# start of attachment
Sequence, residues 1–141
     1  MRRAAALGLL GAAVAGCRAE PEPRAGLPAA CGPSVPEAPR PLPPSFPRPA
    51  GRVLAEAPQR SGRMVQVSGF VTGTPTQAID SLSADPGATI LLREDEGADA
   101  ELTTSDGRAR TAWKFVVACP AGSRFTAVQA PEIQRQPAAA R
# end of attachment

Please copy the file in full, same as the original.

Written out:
Sequence, residues 1–141
     1  MRRAAALGLL GAAVAGCRAE PEPRAGLPAA CGPSVPEAPR PLPPSFPRPA
    51  GRVLAEAPQR SGRMVQVSGF VTGTPTQAID SLSADPGATI LLREDEGADA
   101  ELTTSDGRAR TAWKFVVACP AGSRFTAVQA PEIQRQPAAA R